Two Ways To Get Background Circles

DIY Gridspot - bubble alianAs you probably noticed, there is a certain background setup I’ve grown to like in the last few weeks.

It is a setup that produces a nice circle in the background. You can see it in the gridspot article, My Ode to PSU and the shot I took to be the icon of the Babies series. You can also see it used on a large scale portrait here.

Why Circle?

I like this circle effect for several reasons. The first and obvious one is that a patterned backdrop is more interesting then a “flat” background. Of course, that does not mean that the shape has to be a circle, it can be a square, a diagonal line or just a random pattern. However, circles are nice, symmetric and round.

The second reason is that a circle brings your focus to the center of the circle where you can place your subject or model. For this I place the model / object in the middle of the circle, and usually break the 2/3 rule and place my object dead center.

The last reason, which is actually the most important one, is that a circled illuminated background provides very good subject/background separation. It provides better separation then “just” an illuminated background because of the dark edges and the three dimensional quality it has.

So, How to create this type of background? There are actually two ways to do it. While both methods use a sheet of gel and a lighting modifier, they are different both in result and in the underlying mechanism that created the circle.

Option One – Gridspot

An Ode To My Power Supply Unit

The Idea – Let’s restrict the light that comes out of the flash to a tight beam of light. A cone of light if you will. Now when that cone of light hit the backdrop it will create a circle or light.

The physics of this method is that the light will not go astray and contaminate the area which is out side the circle of light created where the cone of light meets the backdrop.

Execution – The first thing that you want to do here is place a single color backdrop behind your subject. It can either be a piece of Bristol board like the one in the shoes shot, or huge muslin, like the one in the portrait.

Next thing is to gel your flash. The background will be colored in the same color that you gel your flash. This is true for Black, white and gray background, other backdrop colors will have a cast.

Now to cast the cone. Place the gridspot (and you can create one at home) on the flash and shoot away. You can place the flash pretty far from the backdrop and still get a nice crisp edge. Actually you have two ways to control the size and crispness of the circle. The first control that you can exercise is distance – placing the flash closer to the backdrop will make a small circle. The further you’ll take the flash away, you’ll get a bigger circle. The further you’ll take the flash, you’ll also decrease the color intensity.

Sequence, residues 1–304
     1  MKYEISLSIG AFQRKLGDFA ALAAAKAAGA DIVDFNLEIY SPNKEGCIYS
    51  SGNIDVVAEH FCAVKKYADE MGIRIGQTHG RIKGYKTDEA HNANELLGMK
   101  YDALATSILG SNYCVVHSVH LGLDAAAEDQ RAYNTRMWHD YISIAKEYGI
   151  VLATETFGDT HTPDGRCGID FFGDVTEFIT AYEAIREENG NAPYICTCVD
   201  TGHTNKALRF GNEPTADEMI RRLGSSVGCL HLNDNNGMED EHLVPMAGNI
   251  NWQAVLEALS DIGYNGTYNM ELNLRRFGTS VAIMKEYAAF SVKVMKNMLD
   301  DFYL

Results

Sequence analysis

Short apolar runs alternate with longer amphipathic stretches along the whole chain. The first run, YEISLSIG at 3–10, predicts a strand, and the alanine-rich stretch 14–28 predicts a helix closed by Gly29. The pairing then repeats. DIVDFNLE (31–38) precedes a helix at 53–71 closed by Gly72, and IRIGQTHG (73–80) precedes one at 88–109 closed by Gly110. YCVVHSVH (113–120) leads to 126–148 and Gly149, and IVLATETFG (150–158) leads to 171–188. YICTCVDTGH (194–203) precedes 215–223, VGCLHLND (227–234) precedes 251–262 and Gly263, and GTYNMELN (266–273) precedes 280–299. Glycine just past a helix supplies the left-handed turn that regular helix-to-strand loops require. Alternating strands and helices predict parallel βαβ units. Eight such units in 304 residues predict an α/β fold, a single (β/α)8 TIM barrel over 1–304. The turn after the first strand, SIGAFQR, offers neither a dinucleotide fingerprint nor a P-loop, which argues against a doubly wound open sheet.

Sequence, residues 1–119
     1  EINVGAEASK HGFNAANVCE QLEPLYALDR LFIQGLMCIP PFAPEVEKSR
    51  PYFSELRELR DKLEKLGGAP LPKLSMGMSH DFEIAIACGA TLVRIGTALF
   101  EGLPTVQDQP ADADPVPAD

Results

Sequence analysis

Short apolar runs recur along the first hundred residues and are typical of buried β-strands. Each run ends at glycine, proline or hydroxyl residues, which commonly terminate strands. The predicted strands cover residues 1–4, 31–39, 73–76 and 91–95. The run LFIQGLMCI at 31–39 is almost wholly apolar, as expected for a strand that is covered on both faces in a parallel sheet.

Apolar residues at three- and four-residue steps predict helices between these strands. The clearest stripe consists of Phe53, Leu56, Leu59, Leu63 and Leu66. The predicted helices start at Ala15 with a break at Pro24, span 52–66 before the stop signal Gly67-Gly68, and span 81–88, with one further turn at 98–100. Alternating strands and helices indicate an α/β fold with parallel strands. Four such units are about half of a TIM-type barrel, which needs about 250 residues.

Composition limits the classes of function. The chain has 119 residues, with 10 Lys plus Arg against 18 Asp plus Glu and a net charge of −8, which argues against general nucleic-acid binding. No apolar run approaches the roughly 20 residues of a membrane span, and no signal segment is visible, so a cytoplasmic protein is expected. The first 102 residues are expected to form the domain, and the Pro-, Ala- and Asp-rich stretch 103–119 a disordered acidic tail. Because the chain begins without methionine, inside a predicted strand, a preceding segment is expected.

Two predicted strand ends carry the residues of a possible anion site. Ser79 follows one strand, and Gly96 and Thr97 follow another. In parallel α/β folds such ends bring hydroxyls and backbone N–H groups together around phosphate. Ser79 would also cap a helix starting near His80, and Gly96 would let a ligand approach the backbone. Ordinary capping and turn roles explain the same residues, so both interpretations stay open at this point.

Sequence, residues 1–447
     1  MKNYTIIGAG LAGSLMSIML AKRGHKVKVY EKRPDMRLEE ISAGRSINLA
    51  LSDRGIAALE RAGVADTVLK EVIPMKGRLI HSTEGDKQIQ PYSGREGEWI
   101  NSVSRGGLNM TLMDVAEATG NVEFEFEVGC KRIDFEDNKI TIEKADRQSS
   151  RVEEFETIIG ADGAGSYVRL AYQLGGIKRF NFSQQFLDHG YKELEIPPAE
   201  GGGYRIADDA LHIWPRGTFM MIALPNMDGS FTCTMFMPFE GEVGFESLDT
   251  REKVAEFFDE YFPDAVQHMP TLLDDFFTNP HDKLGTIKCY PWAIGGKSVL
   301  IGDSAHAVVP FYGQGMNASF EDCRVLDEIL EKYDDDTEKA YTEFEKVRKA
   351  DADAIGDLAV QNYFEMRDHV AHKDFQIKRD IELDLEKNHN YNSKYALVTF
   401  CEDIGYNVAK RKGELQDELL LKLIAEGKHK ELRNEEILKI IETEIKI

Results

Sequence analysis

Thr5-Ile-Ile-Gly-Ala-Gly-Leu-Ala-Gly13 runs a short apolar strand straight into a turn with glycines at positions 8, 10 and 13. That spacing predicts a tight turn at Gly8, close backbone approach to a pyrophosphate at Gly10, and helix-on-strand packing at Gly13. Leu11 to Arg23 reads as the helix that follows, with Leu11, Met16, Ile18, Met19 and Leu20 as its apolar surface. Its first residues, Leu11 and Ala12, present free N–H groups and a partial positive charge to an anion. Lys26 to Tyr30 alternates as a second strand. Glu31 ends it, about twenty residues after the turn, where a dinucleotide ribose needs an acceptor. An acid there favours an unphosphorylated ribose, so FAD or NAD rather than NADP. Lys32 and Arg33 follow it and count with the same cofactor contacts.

The second control you can employ is changing the gridspot. This is actually more about light restriction then backdrop coloring. Making a longer gridspot will create a tighter circle. You will also get a tighter circle if you use a gridspot with narrower “channels”.

Results -The thing that characterizes the color circlet cast by the grided flash is the relatively crisp edge of the light. Even at a longer distance.

Option Two – Stofen

Two Ways To Get Background Circles The Idea – OK, I’m gonna spill some physics at you now. The general idea is to position the flash in a way that there will be an impact to the distance of the flash from the background. How can we do this? If we place a stofen box on the flash. Now, placing a stofen on a flash does exactly the opposite from a gridspot it throws a sphere of light in all directions (it is also called bare bulb flash). If you place the flash close enough to the backdrop, you get an interesting effect. The places where the flash is close to the backdrop will be illuminated more then the places far from the flash. Hoe much more? This is where physics comes in. It work that by doubling the distance you reduce the light intensity by four. This is called the inverse square law.

It means that the light fades off pretty quickly from the center – the height of the flash – to the edges. This drastic falloff creates a circle of light.

Two Ways To Get Background Circles Execution – like with the gridspot, you will want to prepare a backdrop and a sheet of gel. Instead of a gridspot, you’ll want to prepare a stofen (or a cap of yogurt).

The thing about this technique is that you must bring the flash really close to the backdrop to work. Otherwise the distance from the flash to the entire backdrop is kinda the same, so there will be no circle.

Results – Results here are great, and provide a circle with a nice fade off. As you can see in the image on the left, the falloff is very smooth. To get this I placed the flash about half a meter from the backdrop. It is hidden by the beautiful model.